The Thumb-Twinge Edition Sunday, October 2, 2016

Out Of Hand, by Stephanie M. Lee, BuzzFeed

To be a perpetually plugged-in, emailing, texting, sexting, swiping, Snapchatting, selfie-taking human being in 2016, a little thumb twinge is the price of admission. There are the media-anointed outliers: the Candy Crusher with a ruptured thumb tendon, the woman who over-texted her way to “WhatsAppitis.” And then there are people like the 18-year-old woman who said, “If I’m scrolling down Tumblr for more than half an hour, my fingers will get sore.” “When I hold my phone,” a 22-year-old complained, cradling her iPhone in her palm, “my bottom finger really hurts.” A 30-year-old software engineer said his fingers “naturally curl inwards,” claw-like: “I remember my hand did not quite use to be like that.” Amy Luo, 27, suspects her iPhone 6s is partly to blame for the numbness in her right thumb and wrist. Compared with her old iPhone, she said, “you have to stretch a lot more, and it’s heavier.” Dr. Patrick Lang, a San Francisco hand surgeon, sees more and more twenty- and thirtysomething tech employees with inexplicable debilitating pain in their upper limbs. “I consider it like an epidemic,” he said, “particularly in this city.”

To be clear, no one knows just how bad this “epidemic” is. At best, we learn to endure our stiff necks and throbbing thumbs. At worst, a generation of people damage their bodies without realizing it. In all likelihood, we are somewhere in the middle, between perturbance and public health crisis, but for the time being we simply don’t — can’t — know what all these machines will do to our bodies in the long term, especially in the absence of definitive research. What we do know is that now more people are using multiple electronics — cell phones, smartphones, tablets, laptops, desktops — for more hours a day, starting at ever earlier ages. But we weren’t built for them.

Why Your Smartphone Is So Hard To Ignore, by Kelly O’Brien, Boston Globe

Your brain is not actually multitasking but quickly switching its attention back and forth. Each switch costs you time and mental energy as you refocus on the correct portion of the article. And in the time that you were away on Facebook, some of the information in your working memory faded away, so you’ll probably remember less of what you read by the time you’re done.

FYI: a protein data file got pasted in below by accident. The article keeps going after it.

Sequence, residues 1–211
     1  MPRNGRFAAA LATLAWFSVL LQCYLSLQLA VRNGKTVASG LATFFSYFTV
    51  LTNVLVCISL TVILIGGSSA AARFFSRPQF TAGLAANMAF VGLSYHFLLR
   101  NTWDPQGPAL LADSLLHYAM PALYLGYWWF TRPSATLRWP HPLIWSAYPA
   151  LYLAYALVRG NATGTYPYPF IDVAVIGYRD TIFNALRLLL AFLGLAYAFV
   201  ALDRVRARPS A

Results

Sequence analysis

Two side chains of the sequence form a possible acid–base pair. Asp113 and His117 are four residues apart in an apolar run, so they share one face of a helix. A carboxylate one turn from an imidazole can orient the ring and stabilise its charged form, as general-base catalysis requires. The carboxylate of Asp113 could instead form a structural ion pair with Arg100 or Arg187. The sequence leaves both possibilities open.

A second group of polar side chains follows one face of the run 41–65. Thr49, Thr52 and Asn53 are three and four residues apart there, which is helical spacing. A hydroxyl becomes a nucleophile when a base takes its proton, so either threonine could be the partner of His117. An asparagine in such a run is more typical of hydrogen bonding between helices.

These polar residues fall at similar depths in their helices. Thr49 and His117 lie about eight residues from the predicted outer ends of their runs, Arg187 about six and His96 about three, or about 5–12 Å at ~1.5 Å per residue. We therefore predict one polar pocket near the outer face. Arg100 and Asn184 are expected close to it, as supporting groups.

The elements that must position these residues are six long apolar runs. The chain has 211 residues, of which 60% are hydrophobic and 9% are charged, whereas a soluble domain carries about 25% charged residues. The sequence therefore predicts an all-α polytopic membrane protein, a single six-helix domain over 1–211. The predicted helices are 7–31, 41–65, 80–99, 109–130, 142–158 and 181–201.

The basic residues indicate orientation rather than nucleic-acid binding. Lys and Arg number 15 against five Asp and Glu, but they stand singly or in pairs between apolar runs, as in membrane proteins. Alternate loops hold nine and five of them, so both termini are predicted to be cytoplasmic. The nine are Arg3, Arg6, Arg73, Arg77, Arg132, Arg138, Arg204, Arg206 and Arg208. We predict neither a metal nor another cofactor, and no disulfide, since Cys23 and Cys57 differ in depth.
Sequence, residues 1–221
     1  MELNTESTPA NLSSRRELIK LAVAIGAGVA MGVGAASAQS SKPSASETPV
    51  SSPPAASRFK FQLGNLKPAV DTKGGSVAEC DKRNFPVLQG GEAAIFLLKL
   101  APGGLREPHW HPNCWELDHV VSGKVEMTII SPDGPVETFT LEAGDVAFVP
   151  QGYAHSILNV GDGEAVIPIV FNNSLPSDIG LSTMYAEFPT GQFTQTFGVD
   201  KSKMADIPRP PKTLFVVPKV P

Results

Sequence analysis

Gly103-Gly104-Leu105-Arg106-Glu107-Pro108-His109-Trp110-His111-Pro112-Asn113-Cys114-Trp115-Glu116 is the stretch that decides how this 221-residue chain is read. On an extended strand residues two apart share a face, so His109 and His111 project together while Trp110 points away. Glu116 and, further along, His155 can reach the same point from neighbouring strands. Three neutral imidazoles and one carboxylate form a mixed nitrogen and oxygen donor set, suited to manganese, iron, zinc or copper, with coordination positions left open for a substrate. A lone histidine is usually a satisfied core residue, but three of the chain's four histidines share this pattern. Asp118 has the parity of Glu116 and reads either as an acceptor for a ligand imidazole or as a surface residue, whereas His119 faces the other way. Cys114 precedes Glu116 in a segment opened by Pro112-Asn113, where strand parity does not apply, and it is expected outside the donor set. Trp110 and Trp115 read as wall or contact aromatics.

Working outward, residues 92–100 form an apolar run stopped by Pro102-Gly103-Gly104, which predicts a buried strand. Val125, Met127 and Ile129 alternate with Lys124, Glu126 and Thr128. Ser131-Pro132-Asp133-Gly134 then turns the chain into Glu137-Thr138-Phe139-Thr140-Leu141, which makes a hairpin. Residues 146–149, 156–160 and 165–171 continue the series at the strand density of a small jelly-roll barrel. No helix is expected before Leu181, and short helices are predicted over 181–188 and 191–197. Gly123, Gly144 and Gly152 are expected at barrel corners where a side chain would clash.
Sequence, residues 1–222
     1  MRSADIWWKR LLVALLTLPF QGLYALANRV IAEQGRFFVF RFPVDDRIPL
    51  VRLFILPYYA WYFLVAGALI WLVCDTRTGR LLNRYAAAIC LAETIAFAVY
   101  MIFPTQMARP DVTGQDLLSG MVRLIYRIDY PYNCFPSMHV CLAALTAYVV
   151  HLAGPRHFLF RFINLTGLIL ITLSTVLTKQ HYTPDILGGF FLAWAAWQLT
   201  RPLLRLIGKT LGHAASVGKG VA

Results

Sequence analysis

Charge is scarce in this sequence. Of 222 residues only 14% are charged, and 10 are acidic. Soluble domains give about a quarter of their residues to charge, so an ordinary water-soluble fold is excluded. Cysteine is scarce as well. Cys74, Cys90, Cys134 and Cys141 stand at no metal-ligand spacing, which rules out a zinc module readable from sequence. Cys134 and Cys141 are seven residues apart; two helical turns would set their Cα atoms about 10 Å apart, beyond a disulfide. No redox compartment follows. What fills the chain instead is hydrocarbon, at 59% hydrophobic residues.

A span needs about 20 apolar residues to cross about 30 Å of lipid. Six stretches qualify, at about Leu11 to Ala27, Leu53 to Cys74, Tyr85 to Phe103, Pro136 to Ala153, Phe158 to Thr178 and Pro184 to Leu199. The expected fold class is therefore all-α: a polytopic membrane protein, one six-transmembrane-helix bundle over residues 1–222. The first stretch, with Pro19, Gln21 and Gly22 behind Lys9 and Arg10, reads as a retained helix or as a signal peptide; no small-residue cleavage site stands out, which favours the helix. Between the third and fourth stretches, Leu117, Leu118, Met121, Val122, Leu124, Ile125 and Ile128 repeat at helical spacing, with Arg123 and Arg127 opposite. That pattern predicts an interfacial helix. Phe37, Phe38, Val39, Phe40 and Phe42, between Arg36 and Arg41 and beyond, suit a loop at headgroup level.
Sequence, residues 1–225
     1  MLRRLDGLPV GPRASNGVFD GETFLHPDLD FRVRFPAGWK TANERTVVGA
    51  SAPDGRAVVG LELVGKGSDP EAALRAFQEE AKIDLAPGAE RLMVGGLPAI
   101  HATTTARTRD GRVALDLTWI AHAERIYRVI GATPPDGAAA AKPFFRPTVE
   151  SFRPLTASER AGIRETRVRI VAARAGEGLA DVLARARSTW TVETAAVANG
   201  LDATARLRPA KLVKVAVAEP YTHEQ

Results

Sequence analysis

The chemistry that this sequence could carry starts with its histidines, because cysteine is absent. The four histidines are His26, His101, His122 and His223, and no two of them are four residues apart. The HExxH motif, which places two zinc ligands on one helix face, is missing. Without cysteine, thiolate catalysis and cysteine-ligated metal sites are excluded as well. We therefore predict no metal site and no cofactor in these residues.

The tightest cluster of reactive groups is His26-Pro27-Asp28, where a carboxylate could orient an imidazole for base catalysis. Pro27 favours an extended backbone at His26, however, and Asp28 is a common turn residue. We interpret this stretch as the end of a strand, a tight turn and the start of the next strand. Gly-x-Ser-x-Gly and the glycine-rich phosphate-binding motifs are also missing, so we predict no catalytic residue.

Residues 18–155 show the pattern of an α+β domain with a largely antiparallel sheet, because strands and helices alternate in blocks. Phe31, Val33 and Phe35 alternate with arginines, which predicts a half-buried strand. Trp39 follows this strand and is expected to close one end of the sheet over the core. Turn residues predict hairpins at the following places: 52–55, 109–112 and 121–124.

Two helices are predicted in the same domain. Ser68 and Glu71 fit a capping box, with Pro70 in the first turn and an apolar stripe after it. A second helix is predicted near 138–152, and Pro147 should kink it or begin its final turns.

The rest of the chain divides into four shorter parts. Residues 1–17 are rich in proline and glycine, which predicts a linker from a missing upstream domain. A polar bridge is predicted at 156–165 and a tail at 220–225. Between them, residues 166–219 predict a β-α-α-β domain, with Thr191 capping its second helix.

Don’t feel bad. As Adam Gazzaley, a neurology professor at the University of California San Francisco, and Larry Rosen, a professor emeritus of psychology at California State University Dominguez Hills, lay out in their forthcoming book on the topic, this behavior isn’t a personal failing of yours but an evolutionary failing of humanity.

The Cobalt Pipeline, by Todd C. Frankel, Washington Post

The world’s soaring demand for cobalt is at times met by workers, including children, who labor in harsh and dangerous conditions. An estimated 100,000 cobalt miners in Congo use hand tools to dig hundreds of feet underground with little oversight and few safety measures, according to workers, government officials and evidence found by The Washington Post during visits to remote mines. Deaths and injuries are common. And the mining activity exposes local communities to levels of toxic metals that appear to be linked to ailments that include breathing problems and birth defects, health officials say.

The Post traced this cobalt pipeline and, for the first time, showed how cobalt mined in these harsh conditions ends up in popular consumer products. It moves from small-scale Congolese mines to a single Chinese company — Congo DongFang International Mining, part of one of the world’s biggest cobalt producers, Zhejiang Huayou Cobalt — that for years has supplied some of the world’s largest battery makers. They, in turn, have produced the batteries found inside products such as Apple’s iPhones — a finding that calls into question corporate assertions that they are capable of monitoring their supply chains for human rights abuses or child labor.


Best Password Manager Apps For iPhone, by Lory Gil, iMore

Password managers are digital vaults where you can keep all of your important information, like logins, credit card numbers, PINs, and more. You can even create a secure note with secret stuff, like future baby names or the answers to life. If you haven't already invested in a password manager, take a look at our favorites and see if any of them suit your needs.

Axon Is A New Health Care Solution That Works With Apple’s ResearchKit, by Dennis Sellers, Apple World Today

It provides a point-and-click interface that connects ResearchKit (and additional capabilities) with Medable's HIPAA compliant platform for creating and launching clinical study apps and submitting them to the App Store.

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I don't think my wife will allow me to wear Apple's AirPod around the house all day long. So, no ear-computer for me.

I do wonder how long more before the ear-computer will respond to Hey Siri without the double-tapping beforehand.


Thanks for reading.